Denver is considering making East Colfax the next neighborhood to be allowed to build smaller additional housing on residential properties.
The City Council is mulling rezoning about 470 acres in the neighborhood to allow people to build an accessory dwelling unit (ADU), which property owners can rent out or use to provide additional housing for family members.
This would be the third neighborhood to be mass rezoned for ADUs, following Chaffee Park in 2020 and Sloan’s Lake in August. Prior to that, homeowners in the neighborhoods have generally had to ask the city to rezone their specific property to allow for an ADU.
Council members Amanda Sawyer and Chris Herndon said ADUs can provide a secondary income for property owners as well as housing that is affordable.
“To gauge the community’s opinions on a potential rezoning, our offices worked closely with East Colfax residents as well as community partners as we considered the role ADUs could play,” the council members said in a statement.
East Colfax Avenue, the street, divides the council districts of Herndon and Sawyer. The boundaries of the neighborhood are generally Quebec Street from 11th Avenue to Montview (with a section that extends to 23rd Avenue), bordered by North Yosemite Street to the east and to 11th Avenue to the south.
The proposed rezoning would allow ADUs in nearly every residential part of the East Colfax neighborhood, except for a few small areas. More than 2,050 properties would be affected by the rezoning.
The proposed zoning would allow ADUs only on lots of more than 6,000 square feet. Denver also has water and sewer line standards that must be met to build an ADU.
There could be more areas mass rezoned for ADUs in the near future. Councilwoman Jamie Torres said she has been hosting town hall meetings since at least this spring on bringing the change to the neighborhoods of Villa Park, Barnum and West Barnum.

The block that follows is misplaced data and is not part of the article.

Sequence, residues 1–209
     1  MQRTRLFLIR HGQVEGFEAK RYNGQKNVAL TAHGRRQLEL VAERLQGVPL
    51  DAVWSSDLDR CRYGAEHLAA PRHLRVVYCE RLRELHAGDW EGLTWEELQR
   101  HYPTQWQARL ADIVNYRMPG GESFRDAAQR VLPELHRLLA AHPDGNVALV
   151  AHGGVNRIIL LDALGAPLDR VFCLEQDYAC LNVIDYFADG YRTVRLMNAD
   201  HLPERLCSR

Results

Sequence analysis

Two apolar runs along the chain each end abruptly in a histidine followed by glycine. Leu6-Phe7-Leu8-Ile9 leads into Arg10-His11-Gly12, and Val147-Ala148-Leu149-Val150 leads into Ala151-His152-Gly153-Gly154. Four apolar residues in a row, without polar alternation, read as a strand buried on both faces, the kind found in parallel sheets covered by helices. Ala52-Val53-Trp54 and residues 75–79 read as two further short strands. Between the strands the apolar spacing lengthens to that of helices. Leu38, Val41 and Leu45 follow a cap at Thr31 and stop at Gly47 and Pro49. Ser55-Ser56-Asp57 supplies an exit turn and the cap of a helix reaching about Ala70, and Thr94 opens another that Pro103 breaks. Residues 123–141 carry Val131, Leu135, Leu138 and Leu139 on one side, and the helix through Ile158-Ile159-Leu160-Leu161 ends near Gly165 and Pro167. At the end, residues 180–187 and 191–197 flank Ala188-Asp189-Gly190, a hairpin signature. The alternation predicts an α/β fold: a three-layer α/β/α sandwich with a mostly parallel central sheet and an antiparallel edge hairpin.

The Community Planning Department is creating a program to make it easier for people to build ADUs on their properties citywide to provide more housing for the poorest residents, according to city documents.
The program, according to CPD, is to ensure new ADUs “fit in well” in different types of neighborhoods and block patterns, such as neighborhoods without alleys or ones with smaller primary buildings.
The West Denver Renaissance Collaborative is currently working with Denver’s Department of Housing Stability on ADU projects, and it has a pilot program that helps moderate- and low-income homeowners design, finance and build an ADU on their residential property.
Although the Renaissance Collaborative program is currently restricted to the westside of Denver, the organization is looking to expand it.
The program provides homeowners with development, financing and construction resources to develop a detached ADU, and some homeowners (those who make less than 80 percent of the area median income) may be eligible for a forgivable loan of up to $30,000 to cover building costs, according to city documents.
Owners can also receive the loan if their tenant has an income that is also less than 80 percent of the area median income, and the ADUs designed through the program must be kept income-restricted for 25 years.